Pope Francis finally dropped the long-expected axe on Cardinal Raymond Burke, one of the curia’s cultural warriors-in-chief, on Saturday. Burke was removed from the powerful position of head of the Apostolic Signature, the Vatican’s Supreme Court, and relegated to the largely ceremonial role of patron of the Sovereign Order of Malta, a Vatican charity, effectively ending his career.
It’s the second time Francis has demoted Burke from a key role at the Vatican; last year he removed him from the Congregation for Bishops, which makes recommendations about which priests should begin their climb up the ladder of the Vatican hierarchy by becoming bishops.
While the move had been expected for some time, it was still significant in that Burke has emerged as the most outspoken critic of Francis’ agenda. During the recent family synod he was openly critical of Francis surrogate Cardinal Walter Kasper’s reform proposals for communion for the remarried and afterward suggested that the church under Francis was like a “ship without a rudder.”
The conservative Catholic blog Rorate Caeli called Burke’s pending removal some ten years before the mandatory retirement age of 75 unprecedented and “the greatest humiliation of a Curial Cardinal in living memory … a complete degradation and a clear punishment.”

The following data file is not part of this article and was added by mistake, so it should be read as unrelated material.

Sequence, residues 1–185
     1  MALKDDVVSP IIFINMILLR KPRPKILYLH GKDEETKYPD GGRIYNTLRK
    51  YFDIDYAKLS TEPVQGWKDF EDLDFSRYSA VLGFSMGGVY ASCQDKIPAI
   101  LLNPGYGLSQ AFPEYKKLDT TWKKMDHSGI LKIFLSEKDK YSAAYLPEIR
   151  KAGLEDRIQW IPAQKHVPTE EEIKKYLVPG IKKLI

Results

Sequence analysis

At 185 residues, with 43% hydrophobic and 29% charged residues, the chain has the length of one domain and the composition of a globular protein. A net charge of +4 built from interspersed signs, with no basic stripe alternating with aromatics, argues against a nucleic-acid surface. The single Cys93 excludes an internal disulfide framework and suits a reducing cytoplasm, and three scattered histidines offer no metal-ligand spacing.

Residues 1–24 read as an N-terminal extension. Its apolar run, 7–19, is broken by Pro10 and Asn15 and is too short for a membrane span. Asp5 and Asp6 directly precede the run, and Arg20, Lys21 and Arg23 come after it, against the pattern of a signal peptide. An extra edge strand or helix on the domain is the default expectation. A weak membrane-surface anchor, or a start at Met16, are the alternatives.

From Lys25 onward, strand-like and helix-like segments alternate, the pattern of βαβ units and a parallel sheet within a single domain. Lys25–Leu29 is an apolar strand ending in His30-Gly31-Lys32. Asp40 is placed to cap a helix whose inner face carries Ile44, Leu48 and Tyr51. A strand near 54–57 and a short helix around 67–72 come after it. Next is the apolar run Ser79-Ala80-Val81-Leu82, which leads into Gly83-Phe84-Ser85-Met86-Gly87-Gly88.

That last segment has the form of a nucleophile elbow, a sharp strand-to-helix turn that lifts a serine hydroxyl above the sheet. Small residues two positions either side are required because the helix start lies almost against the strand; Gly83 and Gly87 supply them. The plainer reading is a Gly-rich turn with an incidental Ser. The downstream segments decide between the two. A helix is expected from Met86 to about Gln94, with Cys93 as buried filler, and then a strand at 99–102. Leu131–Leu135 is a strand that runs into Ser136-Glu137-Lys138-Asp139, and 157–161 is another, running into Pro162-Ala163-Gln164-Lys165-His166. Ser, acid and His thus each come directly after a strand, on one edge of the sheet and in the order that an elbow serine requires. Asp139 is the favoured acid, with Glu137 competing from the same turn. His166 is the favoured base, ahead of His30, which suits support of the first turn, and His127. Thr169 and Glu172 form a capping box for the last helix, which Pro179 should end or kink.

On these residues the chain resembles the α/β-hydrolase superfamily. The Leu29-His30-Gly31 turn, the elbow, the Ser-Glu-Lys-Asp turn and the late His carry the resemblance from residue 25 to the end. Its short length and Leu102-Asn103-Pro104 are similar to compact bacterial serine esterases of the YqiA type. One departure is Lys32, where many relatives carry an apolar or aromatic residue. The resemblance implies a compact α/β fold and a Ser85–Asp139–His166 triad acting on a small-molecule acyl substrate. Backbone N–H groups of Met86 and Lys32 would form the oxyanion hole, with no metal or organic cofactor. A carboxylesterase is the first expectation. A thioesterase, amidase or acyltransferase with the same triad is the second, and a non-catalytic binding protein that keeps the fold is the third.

Punishment or not, Burke’s demotion means that one of the leading conservatives in the United States no longer has a platform and is unlikely to be invited to participate in future high-level discussions about church doctrine. Burke is best known for saying that communion should be denied to John Kerry and other pro-choice Catholic politicians during the 2004 elections, a move that many bishops felt debased the sacrament of Holy Communion by turning it into a political weapon. By removing Burke, Francis appears to be signaling a preference for bishops who worry less about politics and more about the pastoral care of their flock.
Conservatives within the church are reacting with horror that Francis should exercise his papal authority to remake the curia more in his image, much as his predecessors John Paul II and Benedict did. (It was Benedict, née Ratzinger, after all, of the smaller and purer church, who appointed Burke to the high court in a clear signal of his preference for doctrinal purity and rigidity.)
Combined with a number of other lower-level curial promotions and demotions—including the firing of a bishop accused of protecting a priest suspected of sexually abusing a child—conservatives are complaining of the de-Ratzingerization of the Vatican (which does sound an awful lot like the fumigation the Vatican obviously requires) and throwing around words like “purge” and making not-so-subtle comparisons to Stalin.
The blowback forced Francis to take the also largely unprecedented step of releasing a Vatican edict codifying the pope’s authority to fire bishops as he sees fit.
It’s funny how conservatives everywhere suddenly get all un-deferential to formerly revered, and unquestioned, sources of authority as soon as their agenda is out of favor.